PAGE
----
A record number of people are playing rugby worldwide as the sport continues to grow and prosper across the globe, according to the World Rugby Year in Review 2018.
It is claimed the sport's unprecedented growth continued in 2018 with 9.6 million men, women and children playing the game around the world.
This includes 2.7 million women, up 10 per cent on the previous year and accounting for more than a quarter of the total global playing population.
The total number of registered female players grew by 28 per cent to 581,000 across World Rugby's member unions.
This comes during the first full year of implementation of World Rugby's ambitious plan, Accelerating the global development of women in rugby 2017-25, which aims to support the growth and development of the women's game and promote parity.
That success was matched off the field by increased engagement levels from female fans, with video views by women up by 38 per cent and the growth of the World Rugby and Rugby World Cup female audience on Twitter up by more than 30 per cent.
It was also reflected in increased diversity at the highest levels of the game in a year when World Rugby added 17 new female members to its Council and New Zealand was named as first-time hosts of the Women's Rugby World Cup, for 2021.
Underpinning the growth across both men's and women's rugby is World Rugby's development programme Get Into Rugby, which acts as a gateway for young people to try, play and stay in rugby.
For the second consecutive year, it is claimed more than two million girls and boys enjoyed the sport and everything it has to offer.
More than 4,000 Get Into Rugby activities took place from Kathmandu in Nepal to Kitwe in Zambia, hosted by 159 registered unions.
In Asia, the popularity of Get Into Rugby helped World Rugby's Impact Beyond legacy programme reach its goal of one million new participants nine months before Japan is due to host 2019 Rugby World Cup.
Project Asia 1 Million is a central pillar of World Rugby's mission to grow the game locally and ensure Japan 2019 – the first-ever Rugby World Cup to be hosted in Asia – is the most impactful Rugby World Cup to date.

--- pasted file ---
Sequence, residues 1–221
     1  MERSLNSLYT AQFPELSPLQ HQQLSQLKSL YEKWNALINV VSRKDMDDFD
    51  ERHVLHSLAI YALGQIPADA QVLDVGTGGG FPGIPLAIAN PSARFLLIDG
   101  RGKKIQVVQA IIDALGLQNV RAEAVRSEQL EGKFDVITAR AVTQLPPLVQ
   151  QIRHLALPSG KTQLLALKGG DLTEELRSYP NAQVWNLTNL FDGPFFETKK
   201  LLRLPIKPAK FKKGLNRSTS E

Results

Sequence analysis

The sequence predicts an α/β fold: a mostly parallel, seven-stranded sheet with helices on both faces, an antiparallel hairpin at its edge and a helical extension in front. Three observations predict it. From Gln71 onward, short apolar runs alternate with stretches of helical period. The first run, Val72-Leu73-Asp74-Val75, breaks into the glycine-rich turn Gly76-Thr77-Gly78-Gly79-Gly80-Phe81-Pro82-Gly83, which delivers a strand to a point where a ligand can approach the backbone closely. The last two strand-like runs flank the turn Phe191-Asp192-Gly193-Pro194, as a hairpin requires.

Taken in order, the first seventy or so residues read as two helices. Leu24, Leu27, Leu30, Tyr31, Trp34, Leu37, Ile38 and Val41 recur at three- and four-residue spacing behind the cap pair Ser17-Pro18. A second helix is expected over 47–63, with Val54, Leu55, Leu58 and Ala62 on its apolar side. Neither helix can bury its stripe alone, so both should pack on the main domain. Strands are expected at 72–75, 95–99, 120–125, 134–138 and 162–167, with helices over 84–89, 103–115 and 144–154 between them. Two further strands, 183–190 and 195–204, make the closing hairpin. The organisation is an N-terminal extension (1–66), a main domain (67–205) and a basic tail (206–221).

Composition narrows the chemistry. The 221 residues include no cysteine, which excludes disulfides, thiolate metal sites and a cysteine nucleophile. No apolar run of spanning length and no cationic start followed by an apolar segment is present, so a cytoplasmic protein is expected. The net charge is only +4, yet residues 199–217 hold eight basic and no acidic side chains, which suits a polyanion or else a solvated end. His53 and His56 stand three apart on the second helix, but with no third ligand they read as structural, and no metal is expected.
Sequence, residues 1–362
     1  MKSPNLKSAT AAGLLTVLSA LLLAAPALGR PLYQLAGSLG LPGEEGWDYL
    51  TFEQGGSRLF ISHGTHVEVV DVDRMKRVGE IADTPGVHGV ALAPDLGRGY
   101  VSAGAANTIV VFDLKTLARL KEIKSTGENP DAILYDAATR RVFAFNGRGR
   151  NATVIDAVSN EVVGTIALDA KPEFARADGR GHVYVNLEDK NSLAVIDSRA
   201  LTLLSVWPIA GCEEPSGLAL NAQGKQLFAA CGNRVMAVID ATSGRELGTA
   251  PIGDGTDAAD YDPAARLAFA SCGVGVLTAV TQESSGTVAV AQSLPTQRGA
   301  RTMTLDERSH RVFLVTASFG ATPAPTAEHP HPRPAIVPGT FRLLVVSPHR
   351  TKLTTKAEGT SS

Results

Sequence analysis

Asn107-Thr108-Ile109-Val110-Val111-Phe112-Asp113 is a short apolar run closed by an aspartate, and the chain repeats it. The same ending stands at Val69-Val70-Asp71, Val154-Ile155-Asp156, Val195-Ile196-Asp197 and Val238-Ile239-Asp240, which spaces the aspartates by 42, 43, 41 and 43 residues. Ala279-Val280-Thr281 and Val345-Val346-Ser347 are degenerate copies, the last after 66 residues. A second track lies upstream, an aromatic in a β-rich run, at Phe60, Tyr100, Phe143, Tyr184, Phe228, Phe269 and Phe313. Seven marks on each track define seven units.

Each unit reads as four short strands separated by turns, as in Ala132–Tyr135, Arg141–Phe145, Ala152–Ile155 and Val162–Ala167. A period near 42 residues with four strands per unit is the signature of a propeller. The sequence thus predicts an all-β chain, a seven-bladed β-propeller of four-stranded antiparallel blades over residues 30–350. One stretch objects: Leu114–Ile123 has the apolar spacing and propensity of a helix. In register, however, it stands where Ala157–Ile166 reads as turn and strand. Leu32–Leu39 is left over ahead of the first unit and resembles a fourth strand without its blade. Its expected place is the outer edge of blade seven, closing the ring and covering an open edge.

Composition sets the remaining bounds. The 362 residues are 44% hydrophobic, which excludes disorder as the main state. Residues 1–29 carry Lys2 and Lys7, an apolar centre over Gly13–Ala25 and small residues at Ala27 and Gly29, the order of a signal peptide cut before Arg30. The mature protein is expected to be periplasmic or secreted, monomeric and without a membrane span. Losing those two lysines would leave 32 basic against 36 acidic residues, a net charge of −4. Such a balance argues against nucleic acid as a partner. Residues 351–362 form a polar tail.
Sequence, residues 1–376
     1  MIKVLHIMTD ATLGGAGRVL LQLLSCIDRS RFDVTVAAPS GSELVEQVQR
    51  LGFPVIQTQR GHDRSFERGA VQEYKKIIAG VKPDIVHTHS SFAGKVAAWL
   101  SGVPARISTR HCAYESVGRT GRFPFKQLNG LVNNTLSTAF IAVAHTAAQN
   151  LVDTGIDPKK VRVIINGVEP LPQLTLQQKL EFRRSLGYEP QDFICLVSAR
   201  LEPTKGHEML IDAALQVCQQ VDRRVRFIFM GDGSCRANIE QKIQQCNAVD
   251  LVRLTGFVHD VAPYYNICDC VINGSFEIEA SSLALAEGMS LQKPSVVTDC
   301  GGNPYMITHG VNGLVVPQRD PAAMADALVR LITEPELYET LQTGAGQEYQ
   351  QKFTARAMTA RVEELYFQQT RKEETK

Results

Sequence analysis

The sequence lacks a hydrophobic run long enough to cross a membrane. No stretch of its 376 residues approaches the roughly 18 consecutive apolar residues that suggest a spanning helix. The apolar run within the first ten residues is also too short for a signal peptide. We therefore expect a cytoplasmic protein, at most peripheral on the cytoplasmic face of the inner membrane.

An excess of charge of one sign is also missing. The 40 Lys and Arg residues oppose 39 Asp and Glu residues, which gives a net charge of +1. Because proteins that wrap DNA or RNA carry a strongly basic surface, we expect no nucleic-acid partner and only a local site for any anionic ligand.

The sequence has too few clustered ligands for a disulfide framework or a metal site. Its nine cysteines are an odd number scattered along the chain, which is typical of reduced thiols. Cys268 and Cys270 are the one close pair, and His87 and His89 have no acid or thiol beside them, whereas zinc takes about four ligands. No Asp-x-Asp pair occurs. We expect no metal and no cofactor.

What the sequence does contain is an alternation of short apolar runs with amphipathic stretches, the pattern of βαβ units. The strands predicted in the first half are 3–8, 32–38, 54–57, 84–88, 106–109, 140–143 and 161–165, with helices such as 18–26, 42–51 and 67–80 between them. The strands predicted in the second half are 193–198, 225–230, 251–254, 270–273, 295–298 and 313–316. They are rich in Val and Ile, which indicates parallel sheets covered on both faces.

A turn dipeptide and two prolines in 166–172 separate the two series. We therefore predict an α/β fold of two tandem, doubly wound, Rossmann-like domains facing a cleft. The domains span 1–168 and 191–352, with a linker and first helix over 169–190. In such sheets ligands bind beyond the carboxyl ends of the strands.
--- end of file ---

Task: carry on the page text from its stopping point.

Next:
In Africa, the number of registered players topped one million, an increase of 26 per cent since 2017.
The continent also had 460,000 children take part in Get Into Rugby activities, 42 per cent of them female, while South Africa topped the global table with the highest number of participants per country.
South Africa also had success with its referee development programme as 261 young officials between the ages of 13 and 14 – 45 per cent of whom were girls – participated in the "I also play referee" initiative, marking a significant increase on the 2017 total.
World Rugby also welcomed Burkina Faso, where rugby is now included on the school curriculum, as one of its newest associate member unions in 2018.
Other highlights from last year included the second Youth Olympic Games rugby sevens tournament in Buenos Aires, where Argentina's men's and New Zealand's women's teams triumphed.
Meanwhile, Rugby World Cup Sevens in San Francisco saw 100,000 fans turn out at AT&T Park across three days, with a United States broadcast audience of nine million tuning-in and many of those viewers watching rugby for the first time.
It is claimed this helped drive even greater interest in the sport to 800 million worldwide, driven by young people consuming sevens digital content in emerging markets like Brazil, China, India and the US.
Off the field, player welfare is said to remain World Rugby's number one priority with the International Federation focusing on evidence-based injury prevention at all levels of the sport.
Alongside its ongoing focus on research, World Rugby's training and education programmes remain core to its strategy, with more than 2,700 training courses delivered worldwide in 2018.
"Twenty-eighteen was another special year for rugby as we watched the sport continue to prosper and grow both on and off the field," World Rugby chairman Sir Bill Beaumont said.
"Within a total playing population of 9.6 million, it was fantastic to see our Get Into Rugby programme – run in partnership with unions and regions – continue to break participation records with over two million girls and boys worldwide getting involved for the second year in a row amid a growing global interest of 800 million people.
"As Rugby World Cup 2019 fast approaches, it was particularly pleasing to see our Impact Beyond programme surpassing all expectations in Asia in 2018, reaching its target of one million new participants in the region a full nine months ahead of schedule.
"With the tournament expected to be game-changing in every respect, the stage is now set for the most impactful Rugby World Cup ever.
"From a women’s rugby perspective, 2018 was a breakthrough year as we began implementation of our groundbreaking strategy to accelerate the development of women in rugby at all levels.
"Progress was evident with increased participation and engagement levels as well as in the governance of the sport, where we welcomed the first women onto World Rugby Council.
"We continue to strive for even greater parity in 2019."
The World Rugby Year in Review 2018 can be viewed by clicking here.
The 2019 Rugby World Cup is due to take place from September 20 to November 2.